It’s always the same in any career or business. There will always be many who fail, many stuck in the middle, and just a few who succeed.
Same goes for content development. More and more brands are jumping into it, but only a few websites dominate Google search results in any given niche.
That’s because only those few chose to do it right. And so should you.
So when it comes to content writing, how do you know that you’re doing it right? And that you’re not wasting your time and money?
Through regular content performance assessment and reporting.
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Measuring The Impact Of Content
To boost audience engagement, it’s a must to pick the right objectives and blog metrics. Then keep a track of them to determine what works, what doesn’t, what is to be removed, and what has potential.
Your content investment decisions going forward should be based on objective content reporting data, not hunch or guesswork.
So let’s take a look at the major types of objectives and their corresponding metrics you may want to track when it comes to analyzing content performance.
Web Traffic Metrics
Traffic is the lifeblood of your online business. If your content is not driving traffic, you don’t have the visitors to read the content, let alone turn into leads and customers.
So traffic is one objective that you must measure, especially that associated with your top funnel content. In order to assess your website traffic, the metrics you should be looking at are the following:
Users/Unique Pageviews - This metric represents the total number of unique people who visit your content.
Pageviews - This metric measures the total number of times your content has been viewed.
You can employ the data from these metrics for a sense of traffic coming to individual pieces of content on your website.
If you know your way around Google analytics, you can also breakdown this data to see the websites from where your traffic is coming, geographical locations of your visitors, and the type of device they use to view your content.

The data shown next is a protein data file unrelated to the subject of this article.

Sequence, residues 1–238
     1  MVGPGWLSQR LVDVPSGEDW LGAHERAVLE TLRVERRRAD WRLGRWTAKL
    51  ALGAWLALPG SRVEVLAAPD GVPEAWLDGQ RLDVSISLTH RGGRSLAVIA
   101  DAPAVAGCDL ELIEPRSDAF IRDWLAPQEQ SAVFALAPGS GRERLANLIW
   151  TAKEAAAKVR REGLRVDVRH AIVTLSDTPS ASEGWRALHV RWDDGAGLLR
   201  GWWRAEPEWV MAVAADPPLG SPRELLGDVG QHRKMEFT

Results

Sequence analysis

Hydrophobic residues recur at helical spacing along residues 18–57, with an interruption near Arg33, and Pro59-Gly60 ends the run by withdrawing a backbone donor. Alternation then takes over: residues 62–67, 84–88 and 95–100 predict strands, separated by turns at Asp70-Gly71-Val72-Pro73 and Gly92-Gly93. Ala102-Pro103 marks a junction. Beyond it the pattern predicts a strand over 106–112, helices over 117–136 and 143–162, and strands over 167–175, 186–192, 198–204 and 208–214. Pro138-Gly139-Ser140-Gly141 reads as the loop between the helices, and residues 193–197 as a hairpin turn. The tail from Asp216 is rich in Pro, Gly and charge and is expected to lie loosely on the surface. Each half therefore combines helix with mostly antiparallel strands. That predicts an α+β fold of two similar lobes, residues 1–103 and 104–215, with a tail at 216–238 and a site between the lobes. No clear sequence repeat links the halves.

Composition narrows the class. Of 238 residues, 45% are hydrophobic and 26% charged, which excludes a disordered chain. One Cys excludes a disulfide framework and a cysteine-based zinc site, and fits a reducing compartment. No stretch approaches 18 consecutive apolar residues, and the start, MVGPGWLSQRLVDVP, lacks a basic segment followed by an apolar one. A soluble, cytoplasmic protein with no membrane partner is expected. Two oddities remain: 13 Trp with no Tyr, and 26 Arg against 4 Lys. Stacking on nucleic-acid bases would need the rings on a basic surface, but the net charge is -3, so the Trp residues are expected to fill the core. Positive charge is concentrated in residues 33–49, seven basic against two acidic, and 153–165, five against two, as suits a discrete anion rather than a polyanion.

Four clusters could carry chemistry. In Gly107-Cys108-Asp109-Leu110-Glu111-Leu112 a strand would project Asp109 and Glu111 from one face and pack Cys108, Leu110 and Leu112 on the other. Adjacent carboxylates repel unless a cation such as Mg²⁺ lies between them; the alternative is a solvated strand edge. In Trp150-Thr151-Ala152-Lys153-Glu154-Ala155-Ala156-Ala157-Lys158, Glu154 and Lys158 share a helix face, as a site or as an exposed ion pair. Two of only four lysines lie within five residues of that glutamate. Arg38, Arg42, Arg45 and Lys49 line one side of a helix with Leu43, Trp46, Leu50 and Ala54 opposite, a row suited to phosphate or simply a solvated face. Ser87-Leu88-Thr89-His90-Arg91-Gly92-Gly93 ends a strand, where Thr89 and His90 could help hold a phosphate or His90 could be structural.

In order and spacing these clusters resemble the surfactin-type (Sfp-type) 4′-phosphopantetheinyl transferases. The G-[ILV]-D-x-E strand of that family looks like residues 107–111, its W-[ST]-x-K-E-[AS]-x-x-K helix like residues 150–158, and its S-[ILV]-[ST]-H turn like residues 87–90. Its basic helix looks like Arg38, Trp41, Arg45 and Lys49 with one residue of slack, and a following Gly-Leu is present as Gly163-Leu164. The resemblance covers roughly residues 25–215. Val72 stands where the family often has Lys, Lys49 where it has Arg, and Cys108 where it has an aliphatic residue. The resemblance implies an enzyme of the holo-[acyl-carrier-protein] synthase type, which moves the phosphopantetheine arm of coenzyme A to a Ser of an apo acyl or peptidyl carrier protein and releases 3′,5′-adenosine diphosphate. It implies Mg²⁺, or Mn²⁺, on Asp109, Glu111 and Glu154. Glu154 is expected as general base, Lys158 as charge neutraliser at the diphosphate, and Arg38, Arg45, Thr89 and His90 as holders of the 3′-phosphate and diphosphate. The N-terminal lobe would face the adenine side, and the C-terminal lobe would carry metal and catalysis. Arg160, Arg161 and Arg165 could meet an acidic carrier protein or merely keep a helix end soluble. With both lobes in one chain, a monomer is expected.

This information is useful to make decisions about your future content strategy. For example, if you target UK customers but the majority of your visitors are from the US, you can tailor future content distribution to your UK visitors.
Or if you’re investing more in LinkedIn marketing but the majority of your traffic is coming from Twitter, you may want to rethink your priorities.
In most cases, search engines are going to be your major source of traffic. So it’s important that you’re tracking blog metrics which indicate the success of your SEO efforts.
One way is to track the proportion of your traffic that comes from search. You can easily view this information in whatever blog analytics tool you are using on your website.
However, this is not enough insight to tell whether your site is doing well in search engines.
One of the most important content performance metrics you should be tracking is SERP (search engine result page) ranking for your target keywords.
As you track your ranking over time, you’ll see that it’s either climbing up, going down or staying the same. So you could take appropriate action to fix your content if necessary.
You can track this metric for free using Google Search Console. The console will show you the keywords you’re ranking for and allow you to keep an eye on how it is changing with time.
Getting traffic is one thing, but engaging users is another. Good traffic tells you that people are finding your content, not if they are reading and engaging with it.